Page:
I want to share three books that I just finished reading:
Extras by Scott Westerfeld, The Absolutely True Diary of a Part-Time Indian by Sherman Alexie and American Born Chinese by Gene Luen Yang.
Extras is the fourth book in Westerfeld's Uglies series:
Uglies, Pretties, Specials, Extras
This book is about Aya, who wants to become more recognized (popular), so she can have the status and all that goes along with it in her society. Aya's avenue to popularity is to go undercover with a daring group (Sly Girls) who shun recognition. Aya's plan is to report the story of the Sly Girls and make it public on the feed (sort of like our TV) thus gaining recognition.
I thought this was a fast read. If you like futuristic books (and even if you don't) you might want to pick up Extras. I don't think you need to read the whole series; you can enjoy the books individually.
The Absolutely True Diary of a Part-Time Indian is a semiautobiographical novel about Arnold Spirit, a 14-year-old Spokane Indian living on the rez in WA. Arnold, born with "water on the brain," is the frequent recipient of bullies. Arnold transfers to the rich, all-white high school in Reardan where he expects disaster. But he does manage to make friends with geeky and popular kids alike. Arnold grapples with what it means to be an Indian and what it means to be a tribe and have a sense of community.
I really liked this book. Sherman Alexie took a serious topic and was able to tell the story with humor and sensitivity at the same time. (I also liked his movie Smoke Signals...I haven't read the book yet but I saw the video twice!)
American Born Chinese by Gene Luen Yang is a graphic novel that weaves three different storylines in one book. One is the Chinese folk hero, Monkey King who aspires to be a god; another is Jin Wang, a lonely middle school boy who wants to fit in with his white classmates; and the third is a sitcom of Danny, an all-American teen and his Chinese cousin Chin-Kee (an ethnic stereotype).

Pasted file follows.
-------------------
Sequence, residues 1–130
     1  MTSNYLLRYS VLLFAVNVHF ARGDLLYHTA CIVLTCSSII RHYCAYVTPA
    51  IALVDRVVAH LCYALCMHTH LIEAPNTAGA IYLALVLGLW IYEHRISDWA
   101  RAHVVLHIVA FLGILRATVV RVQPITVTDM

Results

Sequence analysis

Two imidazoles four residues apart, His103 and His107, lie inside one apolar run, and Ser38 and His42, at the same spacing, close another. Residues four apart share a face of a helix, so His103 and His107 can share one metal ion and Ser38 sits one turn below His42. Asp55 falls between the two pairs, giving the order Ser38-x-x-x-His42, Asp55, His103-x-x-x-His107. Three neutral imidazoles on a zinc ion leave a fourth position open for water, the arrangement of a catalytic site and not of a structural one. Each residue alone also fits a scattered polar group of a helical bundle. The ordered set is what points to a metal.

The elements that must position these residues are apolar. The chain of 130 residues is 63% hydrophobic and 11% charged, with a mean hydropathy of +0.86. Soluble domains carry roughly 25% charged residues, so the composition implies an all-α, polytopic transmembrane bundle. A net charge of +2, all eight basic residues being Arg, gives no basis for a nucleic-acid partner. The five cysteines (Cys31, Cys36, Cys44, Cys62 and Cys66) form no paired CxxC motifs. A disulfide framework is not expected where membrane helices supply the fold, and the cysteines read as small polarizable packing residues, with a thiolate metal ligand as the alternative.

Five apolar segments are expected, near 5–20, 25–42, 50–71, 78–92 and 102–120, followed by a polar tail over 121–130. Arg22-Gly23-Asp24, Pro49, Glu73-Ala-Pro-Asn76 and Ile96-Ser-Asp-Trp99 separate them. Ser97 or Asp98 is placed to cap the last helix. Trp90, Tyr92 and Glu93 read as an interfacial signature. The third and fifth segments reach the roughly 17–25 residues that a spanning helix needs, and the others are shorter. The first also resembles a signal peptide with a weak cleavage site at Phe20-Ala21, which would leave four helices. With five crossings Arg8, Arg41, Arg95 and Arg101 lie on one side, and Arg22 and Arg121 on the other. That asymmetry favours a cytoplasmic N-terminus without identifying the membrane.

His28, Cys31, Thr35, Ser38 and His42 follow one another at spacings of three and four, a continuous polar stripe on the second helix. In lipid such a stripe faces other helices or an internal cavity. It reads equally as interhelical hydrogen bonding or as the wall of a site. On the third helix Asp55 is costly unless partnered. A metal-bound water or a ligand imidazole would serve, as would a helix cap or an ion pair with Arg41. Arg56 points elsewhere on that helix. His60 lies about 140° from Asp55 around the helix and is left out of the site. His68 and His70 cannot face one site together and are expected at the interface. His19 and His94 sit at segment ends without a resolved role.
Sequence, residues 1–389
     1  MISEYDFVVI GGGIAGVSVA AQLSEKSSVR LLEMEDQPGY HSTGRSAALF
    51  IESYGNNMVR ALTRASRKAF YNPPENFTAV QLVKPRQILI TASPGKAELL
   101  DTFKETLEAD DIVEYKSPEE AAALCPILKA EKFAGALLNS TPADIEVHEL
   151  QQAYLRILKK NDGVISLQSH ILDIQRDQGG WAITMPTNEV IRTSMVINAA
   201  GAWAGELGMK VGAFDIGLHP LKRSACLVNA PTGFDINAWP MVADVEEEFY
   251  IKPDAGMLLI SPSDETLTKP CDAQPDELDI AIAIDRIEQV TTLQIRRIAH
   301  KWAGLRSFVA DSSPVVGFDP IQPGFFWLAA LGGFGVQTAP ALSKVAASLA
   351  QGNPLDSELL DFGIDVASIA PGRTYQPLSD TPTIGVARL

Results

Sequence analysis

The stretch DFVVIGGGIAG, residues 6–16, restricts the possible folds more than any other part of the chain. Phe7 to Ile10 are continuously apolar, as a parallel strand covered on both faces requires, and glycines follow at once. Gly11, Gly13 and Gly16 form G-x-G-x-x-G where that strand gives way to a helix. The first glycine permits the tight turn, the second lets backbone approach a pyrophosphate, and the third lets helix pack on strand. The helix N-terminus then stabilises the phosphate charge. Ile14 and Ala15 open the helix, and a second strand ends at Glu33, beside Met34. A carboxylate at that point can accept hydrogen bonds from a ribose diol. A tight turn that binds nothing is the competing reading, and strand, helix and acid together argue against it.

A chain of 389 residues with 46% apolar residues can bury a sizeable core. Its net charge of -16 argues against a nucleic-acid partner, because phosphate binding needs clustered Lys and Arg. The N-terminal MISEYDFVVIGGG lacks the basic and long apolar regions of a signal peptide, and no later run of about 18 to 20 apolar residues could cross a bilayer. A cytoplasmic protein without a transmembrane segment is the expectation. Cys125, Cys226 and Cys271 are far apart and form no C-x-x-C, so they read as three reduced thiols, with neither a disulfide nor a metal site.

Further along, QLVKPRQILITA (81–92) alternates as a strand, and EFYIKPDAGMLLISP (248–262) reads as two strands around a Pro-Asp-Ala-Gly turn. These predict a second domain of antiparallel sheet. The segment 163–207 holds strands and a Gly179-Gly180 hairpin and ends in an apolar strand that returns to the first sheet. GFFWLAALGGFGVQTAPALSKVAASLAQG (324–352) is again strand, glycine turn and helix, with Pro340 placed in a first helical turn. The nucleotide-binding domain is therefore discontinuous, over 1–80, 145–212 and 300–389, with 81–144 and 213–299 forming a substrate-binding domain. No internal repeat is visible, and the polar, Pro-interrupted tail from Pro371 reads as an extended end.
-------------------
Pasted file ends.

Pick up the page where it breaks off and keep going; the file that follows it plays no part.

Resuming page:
This book is about breaking down stereotypes and self-acceptance. I thought this was a powerful read in a very different format...not only graphic novel but also weaving three different storylines together.
Monday, June 16, 2008
I am glad you liked Nineteen Minutes, Mrs. Bade. And I agree with you that she dragged some stuff out a lot and the book could have been shorter. I just bought The Other Boyln Girl and The Women in Red and I am really excited to start reading both. I think they are going to be good. I also added The Catcher and the Rye to my list of books in need to read.
Saturday, June 14, 2008
I finally finished Nineteen Minutes by Jodi Picoult. It was my pick for the last Cafe Library discussion meeting of the 07-08 school year. The book was about a school shooting where a high school boy who had been a victim of bullying his entire school career finally snaps and shoots and kills ten students and wounding many more. Of course, in Picoult's almost formula manner, there are major twists in the book. I do like those twists and I usually can't guess what they are going to be.
I do think that this 450 page novel could have been just as nicely done in 350 pages.
I would recommend this book. It is a very current issue in our world and Picoult handles it full steam ahead. (Can't think of a better way of putting it!)
Bad Monkeys by Matt Ruff was a very strange, weird book. It's about Jane, a girl, who gets recruited by a secret organization that fights evil. The organization is called Bad Monkeys...they hunt and kill evil people whom they call Bad Monkeys (I know, confusing...) The whole book is set in a jail's psychiatric ward where Jane is being questioned by a doctor to determine if she is telling the truth, crazy or lying about her involvement in Bad Monkeys. There are major twists in this book and you will need to pay attention to characters. I would classify this book as a psychological thriller.
It is quite different from anything I've read in a long time and therefore I'd recommend it.
Friday, June 13, 2008
Somehow in my years of HS and college English classes, it was never suggested that I read the classic The Catcher in the Rye by J. D. Salinger. If you don't read it in HS, I suggest that you do read it sometime in your life. Through the narratives of Holden Caufield, you learn a lot about who he is, what has happened to him in his life, and the people who have come in and out of it. All of this takes place in the span of a week. Holden makes you love him and feel sorry for him, while keeping you glued to the page. Salinger's style of writing makes this book a fast read.
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